Why a poetry album? Easy answer: I love poetry. I love reading it. I love memorizing it. I love hearing great actors recite it. As the poet Mark Strand wrote, “Ink runs from the corners of my mouth / There is no happiness like mine / I have been eating poetry.” In the past, when I was full from eating, I have had the audacity to set poetry to music. But, on this audiobook, you will hear the music of the poems.
"Just the poems Mam."
Of Man's first disobedience, and the fruit of that forbidden tree whose mortal taste brought death into the World....
I wrote over 100 pages of poems during September 2016, poem after poem, day by day, an amazing, exhausting journey. One of those collections (Harvest Moon) is also available here. The other (Li Po-ems) will be soon. On the morning of September 24, I woke up after a fitful sleep with the first two poems in this series fully composed in my head, waiting there in the dark, thus the title. I have no idea how they got there like that. I just went downstairs and typed them up.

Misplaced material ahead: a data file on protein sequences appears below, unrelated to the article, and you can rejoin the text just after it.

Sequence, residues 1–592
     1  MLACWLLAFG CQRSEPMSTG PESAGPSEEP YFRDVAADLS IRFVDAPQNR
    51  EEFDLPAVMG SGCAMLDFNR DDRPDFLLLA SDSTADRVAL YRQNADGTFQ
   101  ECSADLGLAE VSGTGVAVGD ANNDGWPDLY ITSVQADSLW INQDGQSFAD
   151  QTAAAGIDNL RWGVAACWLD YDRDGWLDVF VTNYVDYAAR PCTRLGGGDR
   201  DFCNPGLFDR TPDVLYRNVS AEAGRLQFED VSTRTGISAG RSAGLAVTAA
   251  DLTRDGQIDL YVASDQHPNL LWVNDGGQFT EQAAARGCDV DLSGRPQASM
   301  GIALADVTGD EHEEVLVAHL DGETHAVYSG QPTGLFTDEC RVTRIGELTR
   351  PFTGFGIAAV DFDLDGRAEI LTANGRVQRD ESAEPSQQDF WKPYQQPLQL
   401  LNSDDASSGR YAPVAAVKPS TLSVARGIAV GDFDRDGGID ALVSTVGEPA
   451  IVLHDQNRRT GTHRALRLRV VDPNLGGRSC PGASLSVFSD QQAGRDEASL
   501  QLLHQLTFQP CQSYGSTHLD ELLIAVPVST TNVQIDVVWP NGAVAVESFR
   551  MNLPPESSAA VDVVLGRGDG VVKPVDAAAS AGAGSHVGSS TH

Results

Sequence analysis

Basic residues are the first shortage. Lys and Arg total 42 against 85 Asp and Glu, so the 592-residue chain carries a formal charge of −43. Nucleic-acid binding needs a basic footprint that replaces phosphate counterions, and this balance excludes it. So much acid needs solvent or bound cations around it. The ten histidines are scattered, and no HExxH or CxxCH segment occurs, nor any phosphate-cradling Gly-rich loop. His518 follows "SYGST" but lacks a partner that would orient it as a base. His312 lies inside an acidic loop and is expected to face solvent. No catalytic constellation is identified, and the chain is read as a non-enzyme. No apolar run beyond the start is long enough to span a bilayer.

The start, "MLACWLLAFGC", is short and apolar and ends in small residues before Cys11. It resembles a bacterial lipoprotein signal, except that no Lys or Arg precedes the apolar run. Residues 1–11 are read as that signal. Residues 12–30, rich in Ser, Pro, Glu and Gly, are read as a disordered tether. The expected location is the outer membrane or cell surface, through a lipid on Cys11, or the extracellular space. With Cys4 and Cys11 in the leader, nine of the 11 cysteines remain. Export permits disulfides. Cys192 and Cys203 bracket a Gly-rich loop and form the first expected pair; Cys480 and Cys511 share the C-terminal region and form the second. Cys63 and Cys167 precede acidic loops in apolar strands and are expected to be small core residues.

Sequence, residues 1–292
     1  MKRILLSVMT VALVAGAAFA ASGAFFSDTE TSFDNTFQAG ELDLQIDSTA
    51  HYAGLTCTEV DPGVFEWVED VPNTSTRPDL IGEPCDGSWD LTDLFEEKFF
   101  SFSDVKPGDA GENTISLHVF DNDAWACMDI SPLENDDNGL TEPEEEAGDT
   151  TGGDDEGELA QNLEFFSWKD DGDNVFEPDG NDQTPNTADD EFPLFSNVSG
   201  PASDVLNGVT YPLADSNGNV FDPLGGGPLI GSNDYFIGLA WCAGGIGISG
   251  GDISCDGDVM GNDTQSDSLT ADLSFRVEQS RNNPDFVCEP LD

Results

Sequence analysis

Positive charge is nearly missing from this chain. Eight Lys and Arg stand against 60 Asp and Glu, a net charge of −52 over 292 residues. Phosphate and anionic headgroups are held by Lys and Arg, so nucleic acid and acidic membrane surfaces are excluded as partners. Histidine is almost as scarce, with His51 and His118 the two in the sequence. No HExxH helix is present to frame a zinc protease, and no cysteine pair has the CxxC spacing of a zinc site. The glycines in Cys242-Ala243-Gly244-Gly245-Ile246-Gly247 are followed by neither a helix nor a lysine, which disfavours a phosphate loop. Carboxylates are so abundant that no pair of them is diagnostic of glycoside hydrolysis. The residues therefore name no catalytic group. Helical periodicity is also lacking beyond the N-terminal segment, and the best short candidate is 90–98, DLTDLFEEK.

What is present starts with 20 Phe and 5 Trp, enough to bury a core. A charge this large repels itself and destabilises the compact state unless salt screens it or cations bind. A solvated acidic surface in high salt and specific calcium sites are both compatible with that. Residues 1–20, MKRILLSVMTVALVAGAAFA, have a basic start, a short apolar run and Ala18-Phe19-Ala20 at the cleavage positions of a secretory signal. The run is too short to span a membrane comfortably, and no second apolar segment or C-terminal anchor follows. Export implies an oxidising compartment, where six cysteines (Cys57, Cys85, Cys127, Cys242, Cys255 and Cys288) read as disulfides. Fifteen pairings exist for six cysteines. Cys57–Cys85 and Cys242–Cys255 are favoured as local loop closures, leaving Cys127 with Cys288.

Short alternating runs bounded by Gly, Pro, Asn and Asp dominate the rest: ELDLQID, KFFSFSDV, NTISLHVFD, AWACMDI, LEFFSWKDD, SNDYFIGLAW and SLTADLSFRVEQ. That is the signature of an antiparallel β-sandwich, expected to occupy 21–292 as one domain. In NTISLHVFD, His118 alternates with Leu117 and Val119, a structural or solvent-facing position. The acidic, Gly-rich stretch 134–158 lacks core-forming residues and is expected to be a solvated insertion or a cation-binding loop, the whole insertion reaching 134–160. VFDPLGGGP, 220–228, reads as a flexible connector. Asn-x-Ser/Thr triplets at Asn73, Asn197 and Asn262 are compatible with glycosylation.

Caribbean Smiles is a collection of happy poems that capture the spirit and feel of island living. The details describing people, animals, and landscapes will make you feel like you just had a mini vacation! This audiobook is read by the author, and her love of the Caribbean comes through her smiling voice.
The 77 Sonnets for Christ the King are the first significant body of traditional lyric verse to appear in over a century. These breathtaking poems intertwine love, death, and time's passage with sacred subjects drawn from the Church's liturgical year. British actor Ian Russell's voice is manly, intimate, and seductive, perfect for MacKenzie's unforgettable sonnets.
The Magic Table is a collection of poetry, satire, and short stories reflecting on what is talked about, laughed about, and felt in a society of elders. Having moved into a retirement community at age 84, the author discovers beauty, friendship, humor, memories, and newfound pursuits to celebrate in later life. Insightful, a must hear for boomers beginning to contemplate their third act. Recommended for anyone who is or loves someone in their sixties, seventies, eighties, and beyond.